Zero hour contracts are ‘worker’ contracts where the employer does not need to guarantee hours of work, and the workers are only paid for the work they actually do. It’s estimated around 1.4 million workers in the UK are on contracts that offer no guarantee of hours (as at April 2014, Office for National Statistics). The benefit to both employers and employees is the flexible nature of the contracts, especially to sectors that fluctuate in demand, so it is no wonder they are most prevalent in the hotel, leisure, education and health care sectors.
Why the bad publicity?
Although flexibility may be an incentive to employers and employees surrounding their employment, unpredictability, exploitation and alleged abuse of these types of contracts certainly may not. The inclusion of exclusivity clauses and lack of clarity for workers on these contracts can cause fear of future earnings and result in unfair treatment. What most employees might not realise is that zero hour workers are entitled to annual leave, National Minimum Wage and pay for work-related travel, in the same way regular workers are.
There is currently no statutory or common law definition regarding zero hour contracts and therefore this lack of consistent definition makes it difficult to identify a solution to their misuse. Current limited case law has left it up to the court to interpret the status of the employee upon deciding their rights. The court will consider various factors in deciding whether the worker may be entitled to additional protection outside a zero hour contract, based on the conduct and intention of the parties. Due to the lack of legislation surrounding this area – it’s not surprising that zero hour contracts have become a hot political topic over the last year.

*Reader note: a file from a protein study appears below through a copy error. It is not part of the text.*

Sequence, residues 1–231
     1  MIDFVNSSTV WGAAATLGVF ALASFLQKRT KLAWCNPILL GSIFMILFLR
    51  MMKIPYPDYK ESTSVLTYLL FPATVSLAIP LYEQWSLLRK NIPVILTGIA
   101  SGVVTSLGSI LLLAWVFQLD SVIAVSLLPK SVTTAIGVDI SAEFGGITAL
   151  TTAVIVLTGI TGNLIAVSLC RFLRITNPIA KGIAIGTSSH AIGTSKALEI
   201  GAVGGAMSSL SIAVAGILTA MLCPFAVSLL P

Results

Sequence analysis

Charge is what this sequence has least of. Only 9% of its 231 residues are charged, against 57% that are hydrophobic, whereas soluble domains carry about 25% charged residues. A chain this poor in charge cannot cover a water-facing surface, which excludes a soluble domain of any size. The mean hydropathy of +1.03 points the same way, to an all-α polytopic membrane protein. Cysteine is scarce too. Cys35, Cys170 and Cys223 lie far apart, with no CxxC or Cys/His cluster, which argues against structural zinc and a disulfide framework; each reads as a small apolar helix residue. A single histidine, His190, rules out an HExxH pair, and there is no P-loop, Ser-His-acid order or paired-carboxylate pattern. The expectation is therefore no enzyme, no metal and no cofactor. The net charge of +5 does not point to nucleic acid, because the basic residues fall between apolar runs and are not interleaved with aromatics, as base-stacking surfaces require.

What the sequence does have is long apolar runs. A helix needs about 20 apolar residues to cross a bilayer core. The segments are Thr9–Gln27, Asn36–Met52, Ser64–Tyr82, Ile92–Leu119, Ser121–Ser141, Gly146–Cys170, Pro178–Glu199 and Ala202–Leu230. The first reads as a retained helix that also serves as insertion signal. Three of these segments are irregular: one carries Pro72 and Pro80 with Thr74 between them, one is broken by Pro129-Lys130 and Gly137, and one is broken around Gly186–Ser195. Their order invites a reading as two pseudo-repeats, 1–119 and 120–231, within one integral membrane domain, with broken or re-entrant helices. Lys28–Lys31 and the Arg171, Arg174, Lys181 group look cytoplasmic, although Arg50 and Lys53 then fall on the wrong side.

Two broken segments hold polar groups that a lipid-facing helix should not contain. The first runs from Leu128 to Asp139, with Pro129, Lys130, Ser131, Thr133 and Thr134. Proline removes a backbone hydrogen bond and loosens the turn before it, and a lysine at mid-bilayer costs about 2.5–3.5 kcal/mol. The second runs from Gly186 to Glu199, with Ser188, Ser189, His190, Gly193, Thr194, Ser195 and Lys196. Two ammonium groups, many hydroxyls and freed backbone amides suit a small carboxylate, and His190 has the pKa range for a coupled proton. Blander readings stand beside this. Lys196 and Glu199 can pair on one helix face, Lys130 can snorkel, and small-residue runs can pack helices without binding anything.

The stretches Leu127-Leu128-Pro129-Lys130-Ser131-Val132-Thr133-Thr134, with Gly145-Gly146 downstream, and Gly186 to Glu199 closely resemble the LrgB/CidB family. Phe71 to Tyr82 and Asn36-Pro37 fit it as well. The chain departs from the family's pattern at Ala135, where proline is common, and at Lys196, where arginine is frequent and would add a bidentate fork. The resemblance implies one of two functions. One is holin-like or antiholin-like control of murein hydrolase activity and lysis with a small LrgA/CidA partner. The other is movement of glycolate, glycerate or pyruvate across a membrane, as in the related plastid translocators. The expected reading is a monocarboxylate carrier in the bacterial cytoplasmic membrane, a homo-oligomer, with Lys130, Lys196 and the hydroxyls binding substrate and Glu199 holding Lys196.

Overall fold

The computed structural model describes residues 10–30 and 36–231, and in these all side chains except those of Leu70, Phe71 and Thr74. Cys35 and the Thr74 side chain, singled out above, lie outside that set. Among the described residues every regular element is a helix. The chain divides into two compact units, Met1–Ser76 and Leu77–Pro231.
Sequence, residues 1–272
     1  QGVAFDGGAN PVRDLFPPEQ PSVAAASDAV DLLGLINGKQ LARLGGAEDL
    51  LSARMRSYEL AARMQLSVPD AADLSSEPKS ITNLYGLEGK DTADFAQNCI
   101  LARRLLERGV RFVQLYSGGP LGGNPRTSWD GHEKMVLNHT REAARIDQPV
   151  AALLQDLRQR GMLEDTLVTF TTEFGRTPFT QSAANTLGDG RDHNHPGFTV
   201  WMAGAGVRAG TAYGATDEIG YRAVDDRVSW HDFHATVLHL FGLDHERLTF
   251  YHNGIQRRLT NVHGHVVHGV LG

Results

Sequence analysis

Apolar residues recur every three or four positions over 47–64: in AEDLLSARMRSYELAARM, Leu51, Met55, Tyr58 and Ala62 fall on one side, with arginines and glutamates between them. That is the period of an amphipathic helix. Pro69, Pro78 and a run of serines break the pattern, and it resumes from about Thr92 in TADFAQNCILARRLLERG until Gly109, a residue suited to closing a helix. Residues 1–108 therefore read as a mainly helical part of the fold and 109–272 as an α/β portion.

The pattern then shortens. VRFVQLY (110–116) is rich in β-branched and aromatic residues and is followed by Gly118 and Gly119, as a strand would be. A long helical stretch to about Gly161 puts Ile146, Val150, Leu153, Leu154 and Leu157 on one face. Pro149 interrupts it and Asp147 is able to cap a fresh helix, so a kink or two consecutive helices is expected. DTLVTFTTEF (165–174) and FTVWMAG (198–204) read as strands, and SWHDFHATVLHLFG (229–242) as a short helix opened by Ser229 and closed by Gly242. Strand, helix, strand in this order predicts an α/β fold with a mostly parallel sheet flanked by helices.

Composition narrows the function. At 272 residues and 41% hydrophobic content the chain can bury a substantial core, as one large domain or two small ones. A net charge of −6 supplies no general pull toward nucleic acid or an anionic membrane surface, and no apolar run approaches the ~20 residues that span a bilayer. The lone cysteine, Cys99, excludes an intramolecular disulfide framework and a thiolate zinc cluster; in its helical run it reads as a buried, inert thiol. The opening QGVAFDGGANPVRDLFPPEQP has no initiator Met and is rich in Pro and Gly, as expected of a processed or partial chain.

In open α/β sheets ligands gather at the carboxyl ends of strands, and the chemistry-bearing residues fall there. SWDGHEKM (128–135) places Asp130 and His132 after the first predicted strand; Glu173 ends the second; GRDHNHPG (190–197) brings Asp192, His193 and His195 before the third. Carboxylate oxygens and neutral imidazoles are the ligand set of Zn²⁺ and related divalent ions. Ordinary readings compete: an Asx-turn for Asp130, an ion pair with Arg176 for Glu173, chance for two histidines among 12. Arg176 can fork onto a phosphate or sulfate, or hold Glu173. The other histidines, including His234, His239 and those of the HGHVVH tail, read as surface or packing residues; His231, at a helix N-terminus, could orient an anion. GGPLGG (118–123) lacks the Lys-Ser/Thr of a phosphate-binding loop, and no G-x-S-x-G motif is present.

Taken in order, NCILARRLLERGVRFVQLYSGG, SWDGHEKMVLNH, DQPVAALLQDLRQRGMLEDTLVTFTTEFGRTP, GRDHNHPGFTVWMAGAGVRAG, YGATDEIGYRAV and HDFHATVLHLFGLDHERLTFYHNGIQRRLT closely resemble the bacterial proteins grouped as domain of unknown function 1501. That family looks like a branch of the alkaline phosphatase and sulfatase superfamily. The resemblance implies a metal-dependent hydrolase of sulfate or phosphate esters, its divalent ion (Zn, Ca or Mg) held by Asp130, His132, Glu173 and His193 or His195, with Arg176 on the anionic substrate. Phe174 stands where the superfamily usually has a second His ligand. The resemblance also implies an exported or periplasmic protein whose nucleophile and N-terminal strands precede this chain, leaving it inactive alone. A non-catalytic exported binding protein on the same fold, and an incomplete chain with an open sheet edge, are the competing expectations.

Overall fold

Aim for the future
With a legislative measure imminent, Vince Cable announced that the government is looking at tackling the abuse of zero hour contracts to stop the exploitation of employees by the development of a code of practice. They are proposing to ban the use of exclusivity clauses, which prevent workers from working for another employer under their contact. The ban is to be implemented by Clause 139 of the Small Business, Enterprise and Employment Bill, which will insert 2 new sections into the Employments Rights Act 1996. The bill is currently with the Public Bill Committee, and if passed, it could lead the way in legislation for a clearer, fairer use of such contracts in the future.
If you have any concern over the use of these contracts, please do not hesitate to contact us for advice.
James Haley, Solicitor & Director, Just Employment Ltd.